Due to the COVID-19 pandemic, Jessica Maria Gomez Hernandez could not visit our facility. Instead the laboratory work was performed by Nicole Engelen and Brigit Beelen. The reporting was done by Nicole, Brigit and Koen Meesters.
The work was split in 3 phases: Sample preparation, Extraction experiments, Translation to full scale counter current installation
- Three methods were tested to increase the surface to volume ratio of the collected orange peels. The Thermomix yielded good results and the resulting material was used in the extractions.
- Extractions were performed at room temperature and at 40°C (beaker experiments) as well as at the solvent’s boiling point (Soxhlet). Extracts from the Soxhlet were used to scan light absorbance as a function of wavelength. Two peaks were found at 280 nm and 315 nm. All other samples were measured at these wavelengths as a proxy for target molecule concentration.
Five observations were important:
- Extraction was better with water and ethanol than with ethyl acetate.
- Extraction efficiency with ethanol increases with temperature, while extraction efficiency with water decreases with temperature.
- Water had a shoulder instead of a peak at 315 nm.
- Extraction took around 1-2 hours.
- Water was well absorbed by the peels (4 times dry weight).
- Based on the observations the following conclusions may be drawn for a full-scale counter current extraction situation:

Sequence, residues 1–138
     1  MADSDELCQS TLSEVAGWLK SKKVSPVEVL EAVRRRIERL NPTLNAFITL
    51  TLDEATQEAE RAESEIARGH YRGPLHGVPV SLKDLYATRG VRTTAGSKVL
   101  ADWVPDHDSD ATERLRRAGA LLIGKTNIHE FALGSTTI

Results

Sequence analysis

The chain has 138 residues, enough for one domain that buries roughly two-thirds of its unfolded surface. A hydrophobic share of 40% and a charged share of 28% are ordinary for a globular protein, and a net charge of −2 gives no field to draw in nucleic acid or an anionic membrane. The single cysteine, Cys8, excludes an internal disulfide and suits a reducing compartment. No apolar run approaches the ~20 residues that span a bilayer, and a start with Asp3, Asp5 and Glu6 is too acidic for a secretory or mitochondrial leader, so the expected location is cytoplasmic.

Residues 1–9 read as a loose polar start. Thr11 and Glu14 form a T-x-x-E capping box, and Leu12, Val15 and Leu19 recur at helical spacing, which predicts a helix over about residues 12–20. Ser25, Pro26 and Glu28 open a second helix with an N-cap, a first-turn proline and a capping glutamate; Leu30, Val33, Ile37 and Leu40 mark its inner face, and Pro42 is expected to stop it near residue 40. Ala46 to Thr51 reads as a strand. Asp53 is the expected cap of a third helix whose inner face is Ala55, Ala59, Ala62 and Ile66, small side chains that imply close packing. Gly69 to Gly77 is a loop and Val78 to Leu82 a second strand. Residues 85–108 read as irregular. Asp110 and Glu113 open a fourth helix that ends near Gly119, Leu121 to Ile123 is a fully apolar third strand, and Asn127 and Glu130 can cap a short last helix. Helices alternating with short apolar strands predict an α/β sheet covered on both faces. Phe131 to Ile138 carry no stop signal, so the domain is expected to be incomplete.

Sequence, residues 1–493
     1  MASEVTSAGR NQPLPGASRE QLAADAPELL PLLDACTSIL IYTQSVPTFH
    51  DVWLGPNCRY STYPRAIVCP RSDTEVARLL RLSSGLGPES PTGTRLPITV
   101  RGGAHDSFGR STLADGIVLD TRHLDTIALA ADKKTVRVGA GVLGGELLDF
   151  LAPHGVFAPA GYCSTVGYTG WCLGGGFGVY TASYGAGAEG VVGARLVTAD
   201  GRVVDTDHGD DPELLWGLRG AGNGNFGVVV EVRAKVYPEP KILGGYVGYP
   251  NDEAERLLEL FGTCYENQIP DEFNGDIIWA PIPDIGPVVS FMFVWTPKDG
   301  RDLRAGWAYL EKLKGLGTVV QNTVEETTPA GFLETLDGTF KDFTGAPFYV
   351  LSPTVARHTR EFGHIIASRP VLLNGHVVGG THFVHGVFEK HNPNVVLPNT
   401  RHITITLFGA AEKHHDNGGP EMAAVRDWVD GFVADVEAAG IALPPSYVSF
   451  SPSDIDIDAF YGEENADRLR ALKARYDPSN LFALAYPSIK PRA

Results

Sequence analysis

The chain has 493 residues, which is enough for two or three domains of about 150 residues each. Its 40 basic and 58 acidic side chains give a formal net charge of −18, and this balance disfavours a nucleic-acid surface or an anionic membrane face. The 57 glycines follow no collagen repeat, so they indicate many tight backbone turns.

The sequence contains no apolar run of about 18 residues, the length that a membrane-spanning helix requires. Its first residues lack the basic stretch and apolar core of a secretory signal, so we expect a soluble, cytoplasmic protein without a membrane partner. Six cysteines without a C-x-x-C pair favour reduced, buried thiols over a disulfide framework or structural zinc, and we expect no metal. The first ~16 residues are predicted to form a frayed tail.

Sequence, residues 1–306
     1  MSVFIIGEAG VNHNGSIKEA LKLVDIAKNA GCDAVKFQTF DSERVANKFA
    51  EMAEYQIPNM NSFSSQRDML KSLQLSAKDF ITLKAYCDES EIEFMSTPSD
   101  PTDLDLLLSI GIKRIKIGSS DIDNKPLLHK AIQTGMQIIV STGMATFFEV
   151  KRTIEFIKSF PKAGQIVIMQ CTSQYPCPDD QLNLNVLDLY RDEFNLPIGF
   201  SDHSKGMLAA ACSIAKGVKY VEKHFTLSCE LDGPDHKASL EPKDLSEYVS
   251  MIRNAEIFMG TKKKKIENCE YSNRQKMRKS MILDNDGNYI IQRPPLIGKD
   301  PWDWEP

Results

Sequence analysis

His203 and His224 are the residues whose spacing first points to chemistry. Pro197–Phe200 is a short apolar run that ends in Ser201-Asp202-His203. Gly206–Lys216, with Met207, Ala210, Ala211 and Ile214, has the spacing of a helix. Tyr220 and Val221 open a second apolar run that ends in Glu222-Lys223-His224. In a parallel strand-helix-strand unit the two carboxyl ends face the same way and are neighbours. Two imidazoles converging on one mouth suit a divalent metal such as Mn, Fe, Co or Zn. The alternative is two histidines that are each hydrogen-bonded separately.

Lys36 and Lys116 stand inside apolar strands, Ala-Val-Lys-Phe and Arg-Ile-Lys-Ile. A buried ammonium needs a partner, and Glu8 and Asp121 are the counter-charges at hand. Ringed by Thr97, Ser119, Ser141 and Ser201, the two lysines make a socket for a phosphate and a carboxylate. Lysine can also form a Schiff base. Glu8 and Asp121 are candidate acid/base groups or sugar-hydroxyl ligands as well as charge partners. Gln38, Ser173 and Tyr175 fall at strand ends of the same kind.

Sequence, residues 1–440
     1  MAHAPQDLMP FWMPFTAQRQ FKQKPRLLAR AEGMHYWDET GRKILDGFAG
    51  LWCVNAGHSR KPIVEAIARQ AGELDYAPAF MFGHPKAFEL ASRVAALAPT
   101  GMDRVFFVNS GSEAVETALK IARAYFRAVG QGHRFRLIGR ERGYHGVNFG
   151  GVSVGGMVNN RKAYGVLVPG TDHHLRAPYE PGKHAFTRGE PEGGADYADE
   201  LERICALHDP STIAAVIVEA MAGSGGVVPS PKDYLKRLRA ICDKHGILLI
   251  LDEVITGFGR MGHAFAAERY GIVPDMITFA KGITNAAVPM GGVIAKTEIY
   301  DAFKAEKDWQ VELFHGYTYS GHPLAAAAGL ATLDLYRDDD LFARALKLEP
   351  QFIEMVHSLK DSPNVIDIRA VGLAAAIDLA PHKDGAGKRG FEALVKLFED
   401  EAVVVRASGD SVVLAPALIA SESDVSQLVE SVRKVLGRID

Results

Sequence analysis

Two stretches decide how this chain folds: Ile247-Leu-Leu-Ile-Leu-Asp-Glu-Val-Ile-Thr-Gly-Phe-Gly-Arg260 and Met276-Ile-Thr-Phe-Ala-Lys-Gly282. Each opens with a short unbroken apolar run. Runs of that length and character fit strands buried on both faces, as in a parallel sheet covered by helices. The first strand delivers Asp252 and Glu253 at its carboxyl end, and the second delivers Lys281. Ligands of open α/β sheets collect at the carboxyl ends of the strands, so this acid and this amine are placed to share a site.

The characteristic mass transfer time is around 1-2 hours. This is sufficient and could be improved by further size reduction of the peels in order to further increase the surface to volume ratio.
Water and ethanol are the preferred solvents. Water shows a high absorption to the peels. This may be a drawback as, for efficient recovery, the extract flow rate needs to be larger than the flow rate of absorbed solvent moving with the solids in opposite direction. Some target molecules will dissolve better in ethanol than in water (especially target molecules with absorption at 315 nm). For those target molecules ethanol will be the preferred solvent.
Considerable extra costs will be involved when using a toxic, flammable and expensive solvent. These costs may be overcome by a better extraction yield and lower recovery costs. Recovery costs with ethanol as a solvent may be reduced by a higher concentration of the target molecule in the extract and the lower heat capacity and heat of evaporation of ethanol compared to water. More detailed information on the target molecule behaviour will needed to decide on the optimum solvent.
The samples prepared by WFBR will be sent to the Universidad de los Andes for more detailed analysis early 2021.